PCMCIA memory cards and storage cards are used to add memory (RAM, SRAM, Flash, etc.) and/or storage capacity (hard disks, CD-ROM, etc.) to computers. PCMCIA is an acronym for the Personal Computer Memory Card Association, the organization which develops and maintains standards for PCMCIA cards. Originally, these devices were known as PC cards because they were designed to add memory to portable computers. As PCMCIA standards and technologies evolved, however, these cards were added to many types of devices. Product specifications for PCMCIA memory cards include technology standard, card form factor, and memory type. Storage capacity and performance, power requirements, and other parameters are also important to consider.
There are several major technology standards for PCMCIA memory cards. PC Card Standard 95 is the original PCMCIA device standard. It has a 68-pin interface with 16 bits of address and data. CardBus technology runs at 33 MHz and is for cards with 32 bits of address and data. Miniature card technology products are about one-fourth the size of PC Card Standard 95. These PCMCIA memory cards use StrataFlash® (Numonyx B.V.) technology, a multilevel cellular architecture; and µBGA, a type of ball grid array. CompactFlash® (CompactFlash Association) is a very small, removable, mass storage PCMCIA device that weighs a half-ounce and is the size of a matchbook. Other unlisted technology standards for PCMCIA memory cards include SmartMedia and CardBay.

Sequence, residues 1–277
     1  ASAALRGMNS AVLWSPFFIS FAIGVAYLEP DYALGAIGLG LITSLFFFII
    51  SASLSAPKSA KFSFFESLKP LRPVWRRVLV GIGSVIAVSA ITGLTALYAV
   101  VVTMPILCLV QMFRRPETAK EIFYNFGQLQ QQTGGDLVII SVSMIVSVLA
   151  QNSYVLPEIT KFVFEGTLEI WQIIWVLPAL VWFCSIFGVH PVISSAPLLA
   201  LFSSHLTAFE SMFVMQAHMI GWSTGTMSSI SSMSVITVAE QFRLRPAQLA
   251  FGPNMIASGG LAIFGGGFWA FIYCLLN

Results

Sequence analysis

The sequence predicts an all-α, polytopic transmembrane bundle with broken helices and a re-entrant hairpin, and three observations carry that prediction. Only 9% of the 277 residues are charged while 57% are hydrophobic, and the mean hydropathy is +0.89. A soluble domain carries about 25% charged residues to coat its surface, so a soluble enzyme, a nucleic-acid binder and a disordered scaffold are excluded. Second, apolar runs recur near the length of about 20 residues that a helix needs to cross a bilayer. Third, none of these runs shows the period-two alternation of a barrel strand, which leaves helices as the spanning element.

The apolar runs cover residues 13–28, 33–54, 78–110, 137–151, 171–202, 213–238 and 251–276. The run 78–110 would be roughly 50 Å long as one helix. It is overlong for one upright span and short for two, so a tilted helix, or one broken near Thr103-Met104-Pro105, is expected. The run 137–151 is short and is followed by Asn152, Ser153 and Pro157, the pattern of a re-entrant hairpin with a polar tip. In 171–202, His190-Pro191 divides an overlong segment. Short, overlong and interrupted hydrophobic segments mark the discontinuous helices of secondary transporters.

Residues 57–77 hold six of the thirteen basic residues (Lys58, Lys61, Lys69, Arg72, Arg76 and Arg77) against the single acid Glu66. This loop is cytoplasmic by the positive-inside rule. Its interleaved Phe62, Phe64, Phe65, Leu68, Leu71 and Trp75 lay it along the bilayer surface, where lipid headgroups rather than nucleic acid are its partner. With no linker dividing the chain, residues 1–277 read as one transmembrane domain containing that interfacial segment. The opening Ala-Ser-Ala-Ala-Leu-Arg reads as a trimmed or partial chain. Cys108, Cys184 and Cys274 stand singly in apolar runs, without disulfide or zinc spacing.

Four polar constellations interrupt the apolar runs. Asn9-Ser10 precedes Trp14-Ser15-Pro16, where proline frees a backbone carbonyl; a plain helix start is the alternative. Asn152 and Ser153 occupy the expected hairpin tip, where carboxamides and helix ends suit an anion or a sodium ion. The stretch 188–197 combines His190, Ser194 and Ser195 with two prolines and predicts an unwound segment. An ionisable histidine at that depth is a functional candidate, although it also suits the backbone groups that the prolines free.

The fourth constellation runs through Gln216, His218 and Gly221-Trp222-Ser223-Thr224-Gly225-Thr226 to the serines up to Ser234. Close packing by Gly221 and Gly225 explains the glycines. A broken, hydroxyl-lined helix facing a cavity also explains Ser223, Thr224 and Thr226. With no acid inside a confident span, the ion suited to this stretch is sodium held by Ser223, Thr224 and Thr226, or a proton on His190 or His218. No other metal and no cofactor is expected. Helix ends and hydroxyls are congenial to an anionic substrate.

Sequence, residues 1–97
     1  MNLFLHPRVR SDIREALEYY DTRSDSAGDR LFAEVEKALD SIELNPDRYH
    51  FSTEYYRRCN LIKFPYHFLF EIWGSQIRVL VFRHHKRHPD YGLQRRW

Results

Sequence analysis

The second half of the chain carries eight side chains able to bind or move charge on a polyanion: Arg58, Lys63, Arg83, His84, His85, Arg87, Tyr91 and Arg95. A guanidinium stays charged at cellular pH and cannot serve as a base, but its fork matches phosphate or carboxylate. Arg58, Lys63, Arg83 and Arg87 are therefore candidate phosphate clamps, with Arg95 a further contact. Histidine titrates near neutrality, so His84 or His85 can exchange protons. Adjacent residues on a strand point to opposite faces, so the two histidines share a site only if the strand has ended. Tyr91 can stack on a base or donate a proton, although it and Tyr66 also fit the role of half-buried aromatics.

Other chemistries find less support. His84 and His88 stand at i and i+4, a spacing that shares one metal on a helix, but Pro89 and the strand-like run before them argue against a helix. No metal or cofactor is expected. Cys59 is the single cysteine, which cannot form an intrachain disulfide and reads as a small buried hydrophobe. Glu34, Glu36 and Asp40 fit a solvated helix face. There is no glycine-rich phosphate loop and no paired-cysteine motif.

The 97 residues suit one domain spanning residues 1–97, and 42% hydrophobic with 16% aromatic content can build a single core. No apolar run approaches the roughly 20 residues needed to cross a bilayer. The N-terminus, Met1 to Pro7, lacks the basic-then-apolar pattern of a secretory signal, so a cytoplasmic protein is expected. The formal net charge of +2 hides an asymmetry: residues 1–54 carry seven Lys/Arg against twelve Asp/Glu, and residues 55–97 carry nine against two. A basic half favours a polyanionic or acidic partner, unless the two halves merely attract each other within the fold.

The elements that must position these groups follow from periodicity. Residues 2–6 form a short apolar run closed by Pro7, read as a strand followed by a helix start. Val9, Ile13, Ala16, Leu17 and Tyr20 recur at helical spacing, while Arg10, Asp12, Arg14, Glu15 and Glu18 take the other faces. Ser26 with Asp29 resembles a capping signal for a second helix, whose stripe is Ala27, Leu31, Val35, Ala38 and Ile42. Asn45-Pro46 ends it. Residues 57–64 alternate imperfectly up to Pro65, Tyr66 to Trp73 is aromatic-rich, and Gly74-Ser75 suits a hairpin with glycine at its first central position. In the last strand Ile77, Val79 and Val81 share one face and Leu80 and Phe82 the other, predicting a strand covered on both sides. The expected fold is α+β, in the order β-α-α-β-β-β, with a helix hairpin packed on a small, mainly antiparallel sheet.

Memory type is important to consider when selecting PCMCIA memory cards. There are three major categories of memory: flash, DRAM and SRAM, and ROM. Flash memory cards use ATA flash, CompactFlash, linear flash, or StrataFlash. Dynamic RAM (DRAM) stores each bit of data in a separate capacitor. Static RAM (SRAM) is more expensive than DRAM, but faster and more reliable. Synchronous SRAM is synchronized with the system clock. Asynchronous SRAM is not. Read-only memory (ROM) retains its contents even when the computer is turned off. ROM types for PCMCIA memory cards include one-time programmable read-only memory (OTP-RPM), erasable programmable read-only memory (EPROM), and electrically erasable programmable read-only memory (EEPROM).
PCMCIA memory cards are categorized by form factor. Type I cards are 54 mm x 85.4 mm, and can be up to 3.3 mm thick. They are commonly used are used in RAM, ROM, and Flash RAM applications. Type II cards are 54 mm x 85.4 mm, and can be up to 5.5 mm thick. They are commonly used in I/O devices such as data/fax modems, and in LAN adapters and non-rotating mass storage devices. Type III cards are 54 mm x 85.4 mm, and can be up to 10.5 mm thick. They are commonly used as hard drives. Type IV cards have not yet been ratified by the PCMCIA consortium; however, their size is expected to be 54 mm x 85.4 mm with a thickness of 18 mm. They will be used in large capacity hard drives. Additional form factors for PCMCIA memory cards include SmartMedia Card, CompactFlash, Miniature Card, Solid State Floppy Disk (SSFDC), and MultiMediaCard (MMC).